As we observed in last year’s Luxury Defined report, the world’s top cities experienced an explosion in luxury home sales during 2013, fueled by pent-up demand, increasing consumer confidence, and robust stock market returns. In 2014 however, prime property sales in these markets settled into a stable growth pattern that seems tepid compared to the year prior. (See Exhibit 1).
San Francisco, which startled the world with an astronomical 62 percent increase in $1 million-plus home sales in 2013 compared to 2012, had strong, though less explosive, annual growth of 19 percent in 2014. “The Bay Area is still experiencing a perfect storm of hot market conditions, exceptional job growth, excellent income levels, and limited supply,” notes Mark McLaughlin of Pacific Union International. “Coming after an exceptional year of strong sales and price appreciation that ranked among the highest in the US, the growth slowdown was predictable, but the positive economic fundamentals of the San Francisco market remain unmatched.”
In Miami, the sales pace slowed from 27 percent growth in 2013 to nine percent in 2014. “The single-digit increases of 2014, in contrast to the double-digit increases of 2012 and 2013, reflect a return to more normal market conditions,” says Ron Shuffield of EWM Realty International, whose firm sells a $1 million-plus home in Miami every 17 hours. Across the Christie’s International Real Estate Affiliate network, brokerages reported real estate sales of more than $300 million per day in 2014 ($13 million every hour).
A return to normalcy for most of the world's top property markets
Growth in the number of luxury property sales (by percent), 2013 - 2014
Toronto, the only location among the top 10 markets to see a faster pace of sales in 2014 than in 2013, saw luxury sales rise by 37 percent in 2014 compared to just four percent the previous year. “2014 was the Toronto market’s second-best year on record,” reports Justine Deluce of Chestnut Park Real Estate. “If there had been more inventory, the record would easily have been shattered.” Extremely low supply of homes in Toronto has pushed prices to $1–$2 million for relatively average homes in the city and up to $2–$4 million for larger homes or those in the most desirable neighborhoods. The shortage of homes pushed luxury condo prices above $1 million as well in 2014.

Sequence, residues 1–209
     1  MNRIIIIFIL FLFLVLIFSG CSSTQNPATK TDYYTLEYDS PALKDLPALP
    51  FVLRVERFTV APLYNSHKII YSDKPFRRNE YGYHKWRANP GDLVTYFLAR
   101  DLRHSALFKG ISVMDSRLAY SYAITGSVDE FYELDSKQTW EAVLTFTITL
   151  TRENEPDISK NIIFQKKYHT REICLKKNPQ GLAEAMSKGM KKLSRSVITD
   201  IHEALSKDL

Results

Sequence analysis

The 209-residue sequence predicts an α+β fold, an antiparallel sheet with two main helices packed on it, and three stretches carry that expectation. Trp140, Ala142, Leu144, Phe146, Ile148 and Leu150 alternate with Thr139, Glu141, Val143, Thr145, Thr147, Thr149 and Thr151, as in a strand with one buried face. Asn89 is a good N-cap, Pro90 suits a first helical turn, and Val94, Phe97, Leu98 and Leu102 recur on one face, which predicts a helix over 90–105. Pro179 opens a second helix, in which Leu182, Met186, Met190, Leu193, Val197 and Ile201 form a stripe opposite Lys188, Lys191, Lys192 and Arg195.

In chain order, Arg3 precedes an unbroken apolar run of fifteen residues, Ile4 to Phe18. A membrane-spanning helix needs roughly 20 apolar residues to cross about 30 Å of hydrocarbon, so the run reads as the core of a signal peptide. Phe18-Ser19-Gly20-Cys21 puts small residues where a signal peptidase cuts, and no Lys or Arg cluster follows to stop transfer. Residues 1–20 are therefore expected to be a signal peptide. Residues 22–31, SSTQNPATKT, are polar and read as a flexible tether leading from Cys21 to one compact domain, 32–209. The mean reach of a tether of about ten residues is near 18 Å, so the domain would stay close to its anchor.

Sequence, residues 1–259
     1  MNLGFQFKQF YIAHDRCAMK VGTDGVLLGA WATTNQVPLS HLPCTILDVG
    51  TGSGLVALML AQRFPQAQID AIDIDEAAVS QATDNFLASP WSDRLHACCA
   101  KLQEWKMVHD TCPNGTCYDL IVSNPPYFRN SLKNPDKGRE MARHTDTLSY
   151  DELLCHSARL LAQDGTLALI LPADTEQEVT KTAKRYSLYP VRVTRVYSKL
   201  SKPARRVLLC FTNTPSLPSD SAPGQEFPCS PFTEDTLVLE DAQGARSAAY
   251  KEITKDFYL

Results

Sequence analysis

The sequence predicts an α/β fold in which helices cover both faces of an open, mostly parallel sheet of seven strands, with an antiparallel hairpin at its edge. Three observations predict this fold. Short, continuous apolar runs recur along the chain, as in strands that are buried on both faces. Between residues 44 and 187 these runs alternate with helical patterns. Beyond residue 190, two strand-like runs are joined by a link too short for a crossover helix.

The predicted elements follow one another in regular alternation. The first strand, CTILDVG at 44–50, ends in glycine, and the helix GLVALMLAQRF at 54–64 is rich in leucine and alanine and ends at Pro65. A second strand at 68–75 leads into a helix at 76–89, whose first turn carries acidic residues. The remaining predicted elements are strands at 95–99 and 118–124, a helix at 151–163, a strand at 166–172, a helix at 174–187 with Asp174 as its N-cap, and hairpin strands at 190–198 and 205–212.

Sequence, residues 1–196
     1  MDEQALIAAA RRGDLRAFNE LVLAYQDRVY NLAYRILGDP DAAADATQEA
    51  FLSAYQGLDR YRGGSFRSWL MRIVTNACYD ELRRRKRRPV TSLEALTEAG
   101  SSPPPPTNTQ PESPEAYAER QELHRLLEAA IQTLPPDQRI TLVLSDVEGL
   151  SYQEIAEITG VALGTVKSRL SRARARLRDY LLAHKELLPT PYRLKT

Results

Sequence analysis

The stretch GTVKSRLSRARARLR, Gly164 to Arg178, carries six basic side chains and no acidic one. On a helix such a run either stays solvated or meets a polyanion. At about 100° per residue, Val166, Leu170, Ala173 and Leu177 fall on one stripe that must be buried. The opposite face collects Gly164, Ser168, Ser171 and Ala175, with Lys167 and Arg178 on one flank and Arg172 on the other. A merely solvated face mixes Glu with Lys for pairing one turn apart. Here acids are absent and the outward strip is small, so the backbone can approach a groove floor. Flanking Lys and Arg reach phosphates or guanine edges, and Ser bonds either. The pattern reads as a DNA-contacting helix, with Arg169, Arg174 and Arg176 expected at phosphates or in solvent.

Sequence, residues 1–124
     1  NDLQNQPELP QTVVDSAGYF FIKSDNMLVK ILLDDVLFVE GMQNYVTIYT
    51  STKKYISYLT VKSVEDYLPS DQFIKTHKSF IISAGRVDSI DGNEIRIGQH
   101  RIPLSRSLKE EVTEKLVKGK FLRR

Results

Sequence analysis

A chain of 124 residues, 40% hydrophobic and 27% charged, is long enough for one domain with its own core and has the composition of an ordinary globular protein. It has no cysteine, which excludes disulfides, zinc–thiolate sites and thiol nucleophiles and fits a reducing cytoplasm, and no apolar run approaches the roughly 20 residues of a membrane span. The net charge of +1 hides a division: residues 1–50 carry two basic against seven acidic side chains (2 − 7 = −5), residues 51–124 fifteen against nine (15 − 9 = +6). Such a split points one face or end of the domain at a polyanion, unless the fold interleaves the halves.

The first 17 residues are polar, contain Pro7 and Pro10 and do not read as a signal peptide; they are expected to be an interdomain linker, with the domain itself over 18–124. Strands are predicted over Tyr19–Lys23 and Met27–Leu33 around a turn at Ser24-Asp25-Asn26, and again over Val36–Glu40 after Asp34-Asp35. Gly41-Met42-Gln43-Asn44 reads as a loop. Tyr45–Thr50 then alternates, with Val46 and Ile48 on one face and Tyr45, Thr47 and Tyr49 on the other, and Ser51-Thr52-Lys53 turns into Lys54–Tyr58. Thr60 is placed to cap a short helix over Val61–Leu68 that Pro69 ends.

While prime property sales continued to make headlines in hotspots Los Angeles, New York, and London, unit sales growth in all three cities slowed to near zero compared to growth spurts of 40 percent, 22 percent, and 20 percent respectively in 2013. Inventory remains an issue across many of these markets. “We have had low inventory for some time, and it’s just now inching up,” says Hall Willkie of Brown Harris Stevens in New York, where the city’s housing market is beginning to edge toward normalcy after years of price increases and bidding wars. “The frenzy has cooled. It’s more of a sustainable market, and that’s a good thing.” London has felt a short-term paralysis due to political messaging on potential tax law changes and non-dom status. Los Angeles and Sydney saw slower year-on-year sales growth, likely as a result of overall price increases in both luxury markets.
The outlier in our top 10 cities is Hong Kong, where government cooling measures designed to slow the spike of real estate values and reduce the impact of overseas real estate investors continued to dampen the market. Luxury home sales slowed by 15 percent in 2013 and then tumbled another 33 percent in 2014. Toward the year’s end however, this momentum began to ease. “Wealthy mainland Chinese buyers are beginning to accept these taxes and are starting to trickle back into the market,” remarks KS Koh of Landscope-Christie’s International Real Estate in Hong Kong, who is optimistic that sales will begin to stabilize in 2015.
Dubai also saw a contraction in sales growth in 2014, despite the value of sales increasing by more than 10 percent. “These corrections in the Dubai marketplace are driven in part by the fluctuations in availability of luxury product being offered to the market,” notes Joachim Wrang-Widen of Christie’s International Real Estate. “We anticipate that the market will begin to stabilize in 2015 as new, particularly entry-level luxury product, becomes available.”
SUPPLY AND DEMAND: CONTINUED INTEREST DRIVES TURNOVER
The average number of days on the market for high-end properties in the world’s top 10 cities was significantly lower than the overall global average of 254 days. In San Francisco for example, $1 million-plus homes sold in an average of 71 days in 2014, faster than 2013’s average of 79 days, thanks to limited supply and continued demand. The markets where selling an upper-bracket home took much longer include Hong Kong (average of 225 days) and Paris (average of 170 days), where local market factors played a key part.